I need to change my diet and lose or at least stop gaining weight this month. I'm over 50 lbs up from my lowest adult weight at this point. More importantly, I don't want to buy new clothes. Surely losing some weight will be easier. Right? Right.

I wrote three book reviews, eight other LJ entries, and quite a bit of Flight Rising fanfic -- I'd guess 7,500 words or so. Mostly since I caught the plague. The plague is good for lightweight writing? Maybe.

Note to self: in the May wrap up, I want to be able to put down that I wrote some original fiction.

The Business of Writing

alinsa is mostly done typesetting A Rational Arrangement. I divided it into post-length installments for serializing. In theory, I am starting the serial next Monday! I am not at all nervous about this.*

Alinsa is also hosting a webpage for me, so it can have its own URL, and she's putting together a Wordpress for it. She's also trying to set it up to auto-update, which will be awesome if it works. Although honestly, if I just don't have to manually re-italicize everything for posting, I'll be happy.

* This is a total lie. I have no idea why I am nervous about this, though.

I did 18 pictures based on prompts from Twitter; not as many this month as last month, but closer to it than I expected. I also finished coloring two coloring book pages. I did use up an entire 6x6" sketchbook, and started a new one.

But mostly, I've been crafting headers for the installments of A Rational Arrangement. I did 15 of them in April! For installments 1-13, 15, and 17.

haikujaguar told me at one point, "The headers are great! Please don't do 134** of them", which kind of sums up how I feel about them. I enjoy doing them, and I am surprisingly pleased with how they look, and doing 119 more is daunting and would be crazy time-consuming. I spent probably 3-4 hours on number 12. It is my new favorite. It's people at a dinner table. There are a lot of scenes where people are eating in this story: I am pretty sure I will be using a large chunk of this one again later on. Probably multiple times.

** Technically, she said 133, because I originally thought RA had 133 parts. I'd missed counting one. Oops.

The Elect PBEM is still going!

I never did write up that character in Champions for Bradley's PBEM. *sigh* I may have to admit that I don't have time even to be a PC in a game.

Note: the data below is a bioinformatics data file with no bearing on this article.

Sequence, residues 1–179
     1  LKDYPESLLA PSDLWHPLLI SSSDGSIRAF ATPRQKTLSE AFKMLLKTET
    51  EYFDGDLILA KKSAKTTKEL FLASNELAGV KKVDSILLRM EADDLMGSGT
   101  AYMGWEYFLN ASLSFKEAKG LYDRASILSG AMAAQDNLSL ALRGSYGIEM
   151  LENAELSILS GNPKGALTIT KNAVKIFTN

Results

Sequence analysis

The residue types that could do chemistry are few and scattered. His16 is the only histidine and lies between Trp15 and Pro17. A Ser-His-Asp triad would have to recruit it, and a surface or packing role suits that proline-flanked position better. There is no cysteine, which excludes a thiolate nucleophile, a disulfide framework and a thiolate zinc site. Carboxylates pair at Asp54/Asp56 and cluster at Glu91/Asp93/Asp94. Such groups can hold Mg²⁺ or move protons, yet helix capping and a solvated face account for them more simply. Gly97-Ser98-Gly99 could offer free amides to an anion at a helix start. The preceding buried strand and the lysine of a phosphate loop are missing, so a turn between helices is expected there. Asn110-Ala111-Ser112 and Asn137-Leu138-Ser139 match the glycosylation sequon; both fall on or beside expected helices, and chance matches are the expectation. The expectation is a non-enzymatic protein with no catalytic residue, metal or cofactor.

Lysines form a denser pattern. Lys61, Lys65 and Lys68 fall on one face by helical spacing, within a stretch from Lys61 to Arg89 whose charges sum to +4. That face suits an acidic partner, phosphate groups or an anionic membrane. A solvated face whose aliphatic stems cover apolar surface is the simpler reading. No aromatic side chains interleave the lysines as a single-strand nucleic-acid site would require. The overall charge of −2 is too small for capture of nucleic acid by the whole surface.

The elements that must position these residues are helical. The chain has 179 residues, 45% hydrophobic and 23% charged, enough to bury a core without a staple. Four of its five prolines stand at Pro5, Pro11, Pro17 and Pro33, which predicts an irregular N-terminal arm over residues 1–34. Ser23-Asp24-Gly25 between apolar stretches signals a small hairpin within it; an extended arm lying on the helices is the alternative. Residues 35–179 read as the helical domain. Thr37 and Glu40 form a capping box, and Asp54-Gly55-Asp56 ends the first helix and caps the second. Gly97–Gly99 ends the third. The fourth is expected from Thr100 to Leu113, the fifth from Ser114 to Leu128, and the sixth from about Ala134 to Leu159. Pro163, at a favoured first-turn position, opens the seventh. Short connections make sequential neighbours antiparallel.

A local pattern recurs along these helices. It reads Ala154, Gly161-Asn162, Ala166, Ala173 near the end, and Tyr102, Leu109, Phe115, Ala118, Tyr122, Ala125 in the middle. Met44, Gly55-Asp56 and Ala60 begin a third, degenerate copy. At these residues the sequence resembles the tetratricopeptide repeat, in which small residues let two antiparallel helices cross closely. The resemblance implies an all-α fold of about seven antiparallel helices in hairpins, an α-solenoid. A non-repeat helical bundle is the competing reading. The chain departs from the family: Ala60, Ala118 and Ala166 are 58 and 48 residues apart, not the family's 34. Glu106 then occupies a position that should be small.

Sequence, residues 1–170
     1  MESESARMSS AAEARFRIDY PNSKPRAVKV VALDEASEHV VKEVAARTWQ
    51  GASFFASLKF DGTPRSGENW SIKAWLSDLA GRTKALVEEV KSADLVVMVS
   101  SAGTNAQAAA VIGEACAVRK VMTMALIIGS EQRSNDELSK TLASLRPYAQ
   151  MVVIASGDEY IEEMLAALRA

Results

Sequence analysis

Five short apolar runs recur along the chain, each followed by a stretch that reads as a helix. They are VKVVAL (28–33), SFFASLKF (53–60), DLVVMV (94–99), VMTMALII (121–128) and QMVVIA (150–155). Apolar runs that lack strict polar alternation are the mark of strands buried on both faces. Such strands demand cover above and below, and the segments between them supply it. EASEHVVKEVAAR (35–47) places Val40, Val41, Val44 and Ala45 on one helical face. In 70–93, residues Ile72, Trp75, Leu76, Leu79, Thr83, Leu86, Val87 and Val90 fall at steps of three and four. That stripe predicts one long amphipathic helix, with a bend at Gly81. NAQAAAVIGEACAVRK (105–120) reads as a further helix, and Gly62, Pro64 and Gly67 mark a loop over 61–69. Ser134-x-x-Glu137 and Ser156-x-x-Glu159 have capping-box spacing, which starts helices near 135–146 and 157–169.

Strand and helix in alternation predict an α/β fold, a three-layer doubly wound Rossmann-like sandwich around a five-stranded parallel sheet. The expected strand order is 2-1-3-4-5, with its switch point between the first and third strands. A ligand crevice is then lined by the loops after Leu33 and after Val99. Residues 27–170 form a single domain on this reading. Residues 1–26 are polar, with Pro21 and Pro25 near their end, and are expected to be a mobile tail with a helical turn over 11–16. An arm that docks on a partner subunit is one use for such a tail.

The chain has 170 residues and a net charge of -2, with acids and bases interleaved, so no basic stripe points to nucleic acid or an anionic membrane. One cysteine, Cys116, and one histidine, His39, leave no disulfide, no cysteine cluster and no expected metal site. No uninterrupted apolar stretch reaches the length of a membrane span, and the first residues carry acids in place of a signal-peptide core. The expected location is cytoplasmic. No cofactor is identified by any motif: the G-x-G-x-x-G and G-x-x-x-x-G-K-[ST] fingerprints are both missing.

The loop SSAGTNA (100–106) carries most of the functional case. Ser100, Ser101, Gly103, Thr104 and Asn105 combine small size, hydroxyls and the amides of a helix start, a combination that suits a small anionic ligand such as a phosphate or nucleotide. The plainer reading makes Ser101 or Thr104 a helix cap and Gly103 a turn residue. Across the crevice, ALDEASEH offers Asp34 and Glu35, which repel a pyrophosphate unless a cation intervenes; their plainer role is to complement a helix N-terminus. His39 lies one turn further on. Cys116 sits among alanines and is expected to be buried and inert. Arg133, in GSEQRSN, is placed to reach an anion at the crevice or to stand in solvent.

Corwyn took me to Tabletop Day three weeks ago. I caught the plague there. I have not done anything social and offline since then. Though I was flying to LA when I started writing this! But that'll count for May's activities.

I have been using Twitter more for actual socializing and less for random web-browsing this month, though. I've made some friends who're also friends with other people I know and it's starting to feel more like a community. By which I mean not only "I'm interacting more with new friends", but also that I feel more connected with ones that I've known for years. This makes me happy. ♥

That thing I mentioned in the March wrap-up, about "there's not enough time for everything I want to do"? Even more intense now. In good news, I have been spending more time doing things I care about, instead of mindless webbrowsing or staring into space.

But where I said under socializing "this makes me happy": I mean that literally. Plague or no plague, April was a good month for me. I'm happy.
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Subject:Or Maybe I Can't Do This
Time:04:08 pm

Hrmph. My report gets through about 10 iterations, then crashes with a stack-overflow error. Which appears to be caused by Excel VBA call stack filling up with my auto-generated macro calls. Googling about for "how to clear the call stack" has not made me optimistic about my odds of getting around this via VBA.  x.x